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Accepting charity donations at a loved one’s funeral

05 Jul 2023 | 2 min read time
Woman Giving Heart On Man's Hand
Woman Giving Heart On Man's Hand

Charity at funerals

In the past, it was common for friends and family to send flowers as a funeral tribute. Of course, people still send floral tributes, but many families now suggest mourners make charitable donations instead. As funerals have become more personalised, accepting charity donations to a loved one’s favourite cause is a meaningful way to respect their memory.

Choosing a charity

Families that would like mourners to donate to a charity in the name of a loved one first need to choose the charity they would like to benefit. The charities selected usually have some special significance to the family, either through the deceased’s past charity work or perhaps in relation to an illness they have suffered.

Occasionally families will leave the choice of charity to individual mourners.

Charity collections

Once the charity has been selected, the funeral director can include instructions for donation in the funeral announcement. A common message simply says 'Donations to XYZ charity instead of flowers', but it may be possible to say more.

Funeral directors can collect donations on your behalf, forwarding contributions directly to the nominated charity in the name of the deceased. This can be done before the funeral, with donations received at the funeral home. A collection can also be taken at the funeral service where envelopes or a collection plate can be used.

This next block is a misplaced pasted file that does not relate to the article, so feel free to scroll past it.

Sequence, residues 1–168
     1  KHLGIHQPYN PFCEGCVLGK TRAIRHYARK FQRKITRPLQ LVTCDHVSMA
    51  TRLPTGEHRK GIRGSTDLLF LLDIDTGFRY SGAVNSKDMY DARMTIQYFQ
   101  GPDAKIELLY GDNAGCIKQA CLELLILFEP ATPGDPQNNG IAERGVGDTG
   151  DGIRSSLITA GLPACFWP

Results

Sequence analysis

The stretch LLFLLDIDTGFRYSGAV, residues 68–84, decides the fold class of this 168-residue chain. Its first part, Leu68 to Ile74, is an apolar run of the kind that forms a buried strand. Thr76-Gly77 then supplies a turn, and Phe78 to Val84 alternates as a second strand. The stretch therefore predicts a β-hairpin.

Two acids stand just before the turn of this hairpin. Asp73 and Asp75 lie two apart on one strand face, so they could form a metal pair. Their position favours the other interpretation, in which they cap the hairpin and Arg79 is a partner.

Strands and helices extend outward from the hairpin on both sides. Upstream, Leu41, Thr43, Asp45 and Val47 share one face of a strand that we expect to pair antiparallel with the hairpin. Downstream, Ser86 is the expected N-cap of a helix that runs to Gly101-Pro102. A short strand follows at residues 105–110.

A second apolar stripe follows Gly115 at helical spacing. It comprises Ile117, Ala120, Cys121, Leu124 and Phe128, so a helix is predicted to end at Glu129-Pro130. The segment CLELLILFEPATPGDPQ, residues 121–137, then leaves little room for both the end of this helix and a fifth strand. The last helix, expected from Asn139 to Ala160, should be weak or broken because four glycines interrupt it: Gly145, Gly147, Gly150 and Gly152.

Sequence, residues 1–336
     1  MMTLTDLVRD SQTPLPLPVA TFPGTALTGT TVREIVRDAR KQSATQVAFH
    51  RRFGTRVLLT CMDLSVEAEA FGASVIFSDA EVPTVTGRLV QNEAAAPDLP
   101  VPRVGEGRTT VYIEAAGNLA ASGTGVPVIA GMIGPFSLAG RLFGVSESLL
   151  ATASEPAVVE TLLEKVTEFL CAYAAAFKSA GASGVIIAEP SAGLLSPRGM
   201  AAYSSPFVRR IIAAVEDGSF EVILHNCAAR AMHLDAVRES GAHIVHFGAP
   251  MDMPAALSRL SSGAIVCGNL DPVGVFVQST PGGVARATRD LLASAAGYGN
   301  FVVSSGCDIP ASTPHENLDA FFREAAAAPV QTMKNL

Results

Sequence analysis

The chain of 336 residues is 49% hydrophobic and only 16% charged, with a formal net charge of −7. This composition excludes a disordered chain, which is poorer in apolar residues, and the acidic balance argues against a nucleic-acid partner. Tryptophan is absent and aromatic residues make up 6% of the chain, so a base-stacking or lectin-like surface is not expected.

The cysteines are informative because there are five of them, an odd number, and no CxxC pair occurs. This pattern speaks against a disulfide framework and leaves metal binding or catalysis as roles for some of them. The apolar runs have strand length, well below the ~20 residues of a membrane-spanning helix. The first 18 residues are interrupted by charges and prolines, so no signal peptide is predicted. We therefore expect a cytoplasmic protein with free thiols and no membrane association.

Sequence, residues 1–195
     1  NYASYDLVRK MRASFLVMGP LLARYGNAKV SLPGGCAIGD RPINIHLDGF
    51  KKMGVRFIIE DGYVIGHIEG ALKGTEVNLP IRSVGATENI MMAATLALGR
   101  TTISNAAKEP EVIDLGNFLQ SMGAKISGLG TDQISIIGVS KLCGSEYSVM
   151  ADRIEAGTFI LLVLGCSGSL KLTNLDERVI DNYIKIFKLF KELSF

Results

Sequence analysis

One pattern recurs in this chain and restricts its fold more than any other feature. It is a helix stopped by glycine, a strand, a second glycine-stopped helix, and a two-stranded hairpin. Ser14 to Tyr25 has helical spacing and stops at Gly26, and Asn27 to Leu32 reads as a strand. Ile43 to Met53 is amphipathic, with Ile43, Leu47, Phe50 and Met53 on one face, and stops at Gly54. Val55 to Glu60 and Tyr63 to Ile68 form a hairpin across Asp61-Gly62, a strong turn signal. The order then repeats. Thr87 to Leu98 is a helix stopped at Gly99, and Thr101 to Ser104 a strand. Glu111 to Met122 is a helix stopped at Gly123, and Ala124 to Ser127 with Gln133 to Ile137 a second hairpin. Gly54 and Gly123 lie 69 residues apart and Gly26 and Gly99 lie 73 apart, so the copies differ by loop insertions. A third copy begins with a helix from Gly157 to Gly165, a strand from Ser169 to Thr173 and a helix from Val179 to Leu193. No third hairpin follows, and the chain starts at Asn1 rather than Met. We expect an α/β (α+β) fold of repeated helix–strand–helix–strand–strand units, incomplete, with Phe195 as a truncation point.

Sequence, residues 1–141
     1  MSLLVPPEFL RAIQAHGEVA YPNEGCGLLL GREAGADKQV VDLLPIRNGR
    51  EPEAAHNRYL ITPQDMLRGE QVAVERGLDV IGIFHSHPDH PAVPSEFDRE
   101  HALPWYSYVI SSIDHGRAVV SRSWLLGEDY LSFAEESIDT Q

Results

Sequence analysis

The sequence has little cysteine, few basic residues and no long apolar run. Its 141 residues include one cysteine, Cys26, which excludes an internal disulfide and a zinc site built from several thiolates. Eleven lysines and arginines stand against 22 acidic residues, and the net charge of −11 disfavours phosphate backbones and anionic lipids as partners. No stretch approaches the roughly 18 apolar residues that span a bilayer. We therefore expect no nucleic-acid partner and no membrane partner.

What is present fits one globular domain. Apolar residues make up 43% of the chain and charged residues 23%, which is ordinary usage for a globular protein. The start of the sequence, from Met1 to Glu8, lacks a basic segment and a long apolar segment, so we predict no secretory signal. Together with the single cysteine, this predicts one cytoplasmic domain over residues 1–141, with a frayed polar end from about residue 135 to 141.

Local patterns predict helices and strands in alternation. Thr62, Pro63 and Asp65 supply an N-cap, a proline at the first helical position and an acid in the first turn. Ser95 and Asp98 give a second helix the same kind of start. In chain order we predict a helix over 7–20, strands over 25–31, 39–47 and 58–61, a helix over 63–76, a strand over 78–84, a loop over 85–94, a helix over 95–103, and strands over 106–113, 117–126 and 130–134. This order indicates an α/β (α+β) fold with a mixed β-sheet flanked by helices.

Details of where to send donations can also be printed on the back of the order of service.

Online giving

Increasingly, charity donations are made online, and some funeral directors offer their own online service. This reduces the administration required, but it also allows charities to capture Gift Aid instructions automatically. That means that charities get 25% extra on each donation, thanks to government tax relief on donations to charity.

Some charities also offer memorial giving pages. These typically include the name of the deceased with a short tribute and a picture if desired. Details of the charity benefiting and why it has been chosen are also common. Mourners visiting the page can make donations online and leave messages of condolence or support. Of course, donations can be made anonymously.

Digital tributes

The MuchLoved Charitable Trust is a bereavement charity, founded in 1998, that has hosted memorial websites for over 300,000 people and raised over £80 million for good causes. Families can use the MuchLoved website to create tribute pages for free and link to over 150 leading UK charities.

Asking for donations at a funeral doesn't mean that there won't be any flowers at the service; friends and family usually arrange their own floral tributes for the coffin and the funeral venue. Asking for donations in lieu of flowers does mean that, through the generosity of loved ones, positive work in areas like medical research, community care or environmental activism can be funded in the memory of a loved one.

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